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Halachic state: Wikis


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From Wikipedia, the free encyclopedia

The concept of a Halachic state refers to a hypothetical theocracy based upon Jewish law (similar to the Islamic theocracies of Saudi Arabia and Iran). In such a state, non-Jews have the status of ger toshav and would not be full citizens.


Stances of religious political parties in Israel

United Torah Judaism (UTJ) and Shas in principle aspire to the transformation of Israel into a Halachic state. However, they are not trying to implement this at this point in time. In contrast, Chayil and other Kahanist groups actively promote this (Kahanists such as Kach and Kahane Chai advocate the abolition of liberal democracy and the creation of a Halakhic state in its stead). Meimad is the only Jewish religious political party in Israel that actively opposes a Halachic state. The National Religious Party wishes to increase the Jewish religious character of the state incrementally by influencing individuals.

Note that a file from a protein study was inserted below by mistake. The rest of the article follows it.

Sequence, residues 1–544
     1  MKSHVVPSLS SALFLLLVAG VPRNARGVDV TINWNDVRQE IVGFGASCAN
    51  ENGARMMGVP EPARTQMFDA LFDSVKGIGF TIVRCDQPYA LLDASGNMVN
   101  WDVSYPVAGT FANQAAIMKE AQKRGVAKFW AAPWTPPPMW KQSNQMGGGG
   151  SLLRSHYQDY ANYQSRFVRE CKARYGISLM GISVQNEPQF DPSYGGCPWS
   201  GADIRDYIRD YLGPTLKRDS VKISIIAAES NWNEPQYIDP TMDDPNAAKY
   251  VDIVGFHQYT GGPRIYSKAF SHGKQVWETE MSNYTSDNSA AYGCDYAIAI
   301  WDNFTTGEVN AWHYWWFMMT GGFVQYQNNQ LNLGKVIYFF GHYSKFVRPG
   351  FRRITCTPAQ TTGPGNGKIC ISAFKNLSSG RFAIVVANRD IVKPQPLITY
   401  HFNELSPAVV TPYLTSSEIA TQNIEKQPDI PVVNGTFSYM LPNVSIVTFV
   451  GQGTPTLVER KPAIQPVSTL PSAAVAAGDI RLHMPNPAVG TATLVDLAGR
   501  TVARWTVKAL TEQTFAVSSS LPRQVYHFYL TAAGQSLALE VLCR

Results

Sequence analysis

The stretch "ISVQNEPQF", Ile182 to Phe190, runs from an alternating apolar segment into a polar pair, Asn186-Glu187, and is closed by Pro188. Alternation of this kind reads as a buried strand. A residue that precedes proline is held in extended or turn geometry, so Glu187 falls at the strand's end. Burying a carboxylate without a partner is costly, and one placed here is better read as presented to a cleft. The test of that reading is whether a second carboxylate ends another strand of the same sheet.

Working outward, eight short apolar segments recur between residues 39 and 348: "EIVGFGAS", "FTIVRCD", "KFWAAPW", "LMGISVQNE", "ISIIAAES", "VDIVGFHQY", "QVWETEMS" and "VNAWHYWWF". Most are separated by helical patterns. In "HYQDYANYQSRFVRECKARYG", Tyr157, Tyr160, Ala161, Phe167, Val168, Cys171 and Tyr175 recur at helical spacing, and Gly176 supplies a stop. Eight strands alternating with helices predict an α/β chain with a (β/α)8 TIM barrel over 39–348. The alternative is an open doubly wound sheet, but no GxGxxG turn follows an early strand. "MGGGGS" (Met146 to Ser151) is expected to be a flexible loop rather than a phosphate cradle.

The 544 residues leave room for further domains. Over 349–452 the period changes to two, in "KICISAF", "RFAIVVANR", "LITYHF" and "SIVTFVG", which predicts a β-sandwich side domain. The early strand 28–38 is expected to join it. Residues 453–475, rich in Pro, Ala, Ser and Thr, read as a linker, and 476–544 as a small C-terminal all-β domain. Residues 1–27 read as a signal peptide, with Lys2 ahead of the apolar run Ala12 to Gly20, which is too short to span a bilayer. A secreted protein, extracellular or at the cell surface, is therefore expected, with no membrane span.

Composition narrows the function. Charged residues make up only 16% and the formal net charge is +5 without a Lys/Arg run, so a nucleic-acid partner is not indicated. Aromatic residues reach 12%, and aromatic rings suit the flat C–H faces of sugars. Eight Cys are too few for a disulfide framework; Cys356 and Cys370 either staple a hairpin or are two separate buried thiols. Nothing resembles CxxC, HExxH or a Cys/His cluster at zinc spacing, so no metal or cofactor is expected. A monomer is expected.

Stance of Jewish Torah leaders

In particular, the Lubavitcher Rebbe spoke out advocating the transformation of Israel into a Halachic state.[1] He also pointed out many times that according to Jewish tradition the arrival of the Moshiach, the Jewish Messiah, would bring the Land of Israel to be under the rule of the Halacha. This state would be a monarchy, with Moshiach at its head.

Sanhedrin revival movement

The current movement to re-establish the Sanhedrin, ostensibly as a religiously-dominated upper house of the Knesset, is also widely regarded as an attempt to move the Israeli government to a halakhic state of governance and jurisprudence.

See also



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